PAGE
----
Aveline forgot to breathe. She couldn’t think. She didn’t know what to think.

For as long as Aveline could remember, she had been petrified at the very thought of flying. What was there to keep the plane from a fall? How could anyone defy the undeniable force of gravity? It was dangerous. It was insensible. It was madness to climb to such a great height. The risks… She could never forget the risks. The terrors. The terrible possibilities.

She could only clutch at the book in her hands, eyes tightly shut, heart palpitating in wild rhythms. The plane was going to crash…the plane was going to crash…the plane…

She would fall - and keep falling until gravity claimed her at last, bringing her down.

Heights. Flying. Falling. All her nightmares, accumulated over the years. She could achieve nothing because she would not strain for that height. She bound herself to earth for fear of earth’s retribution should she attempt to defy its gravity. If she could achieve no greatness, no heights, then so be it.

No heights were worth the fall.

“…line. Aveline!”

Aveline recognized her mother’s voice, cutting through the maelstrom of screaming thoughts. She opened her eyes carefully and realized that there were tears staining her cheeks.

The turbulence had stopped.

“…thought that patch of bad weather was way to our left. So sorry about that, folks…”

The intercom faded to a low buzz in her ears.

“Are you all right?” her mother asked, voice low and worried, noticing how her daughter was trembling. “Did that scare you?”

Aveline didn’t reply.

The turbulence was past, but in her mind, she was still falling. Her heart still resounded with panic. She could still feel it, that sensation. There was only empty air, giving away so easily, and nothing to hold onto. Nothing to keep her from falling, falling, falling…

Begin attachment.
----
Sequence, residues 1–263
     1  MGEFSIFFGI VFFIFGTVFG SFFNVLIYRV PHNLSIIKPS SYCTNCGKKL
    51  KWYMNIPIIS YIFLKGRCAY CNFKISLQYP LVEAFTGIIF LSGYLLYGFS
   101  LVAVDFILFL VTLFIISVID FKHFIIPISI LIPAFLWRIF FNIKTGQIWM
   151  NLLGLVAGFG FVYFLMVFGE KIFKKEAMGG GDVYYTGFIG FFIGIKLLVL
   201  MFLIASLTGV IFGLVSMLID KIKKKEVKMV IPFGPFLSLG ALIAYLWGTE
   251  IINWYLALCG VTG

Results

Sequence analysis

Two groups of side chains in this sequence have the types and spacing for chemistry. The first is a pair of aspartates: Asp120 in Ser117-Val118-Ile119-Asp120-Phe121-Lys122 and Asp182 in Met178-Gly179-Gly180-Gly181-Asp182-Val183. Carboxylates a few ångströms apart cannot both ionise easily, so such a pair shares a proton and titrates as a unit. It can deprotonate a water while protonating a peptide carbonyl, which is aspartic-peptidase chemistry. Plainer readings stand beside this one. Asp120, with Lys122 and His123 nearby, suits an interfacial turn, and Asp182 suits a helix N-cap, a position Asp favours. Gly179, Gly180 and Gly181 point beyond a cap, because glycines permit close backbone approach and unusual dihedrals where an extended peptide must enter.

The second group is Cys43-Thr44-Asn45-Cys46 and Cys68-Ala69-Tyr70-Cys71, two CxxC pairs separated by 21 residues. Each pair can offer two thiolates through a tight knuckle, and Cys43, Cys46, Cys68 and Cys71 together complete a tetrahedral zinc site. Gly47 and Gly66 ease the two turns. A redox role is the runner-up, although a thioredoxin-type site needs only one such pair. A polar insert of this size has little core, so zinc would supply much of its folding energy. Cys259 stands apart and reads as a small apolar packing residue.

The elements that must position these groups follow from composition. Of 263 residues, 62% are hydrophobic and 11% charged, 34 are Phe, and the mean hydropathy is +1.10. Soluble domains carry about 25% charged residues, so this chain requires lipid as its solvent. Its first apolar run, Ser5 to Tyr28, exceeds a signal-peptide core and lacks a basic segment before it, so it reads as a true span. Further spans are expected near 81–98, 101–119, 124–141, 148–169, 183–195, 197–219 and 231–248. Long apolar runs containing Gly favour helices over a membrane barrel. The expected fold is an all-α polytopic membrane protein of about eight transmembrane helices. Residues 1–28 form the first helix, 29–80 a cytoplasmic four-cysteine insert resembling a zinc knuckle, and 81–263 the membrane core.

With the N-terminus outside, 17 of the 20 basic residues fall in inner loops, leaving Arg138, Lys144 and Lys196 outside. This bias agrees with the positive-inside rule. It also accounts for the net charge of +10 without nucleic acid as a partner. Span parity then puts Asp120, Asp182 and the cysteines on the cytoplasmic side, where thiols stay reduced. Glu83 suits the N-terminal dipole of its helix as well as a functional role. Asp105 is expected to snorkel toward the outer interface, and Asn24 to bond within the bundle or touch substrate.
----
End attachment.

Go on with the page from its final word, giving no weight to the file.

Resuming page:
Minutes later, another bout of turbulence made Aveline’s teeth rattle. The other passengers appeared unfazed by this light wind, but Aveline felt her heart skip a beat. The fear had an almost tangible taste, bitter and dry in her mouth.

And so it was for the remainder of the fourteen hour flight to Tokyo. Each time the plane shivered through a patch of restless air, Aveline froze, heart leaping to her throat; and each time, as if in reply to her fear, a baby girl screamed. It seemed that neither she nor Aveline could forget those terrible moments when they had flown through that storm, just above Chicago, now thousands of miles away.

Every passing minute was an eternity as Aveline sat in her seat, perfectly still, perfectly terrified and helpless. She held onto her book but never opened it, as if afraid that any movement she made would cause the plane to fall. Fear held her and bound her in a near motionless state. She could not escape her fear, because she could not ignore the ceaseless pull of gravity.




[TABLE OF CONTENTS, LHS CLASS OF 2009 EDITION]


Copyright 2002-2007 Student Publishing Program (SPP). Poetry and prose 2002-2007 by individual authors. Reprinted with permission. SPP developed and designed by Strong Bat Productions.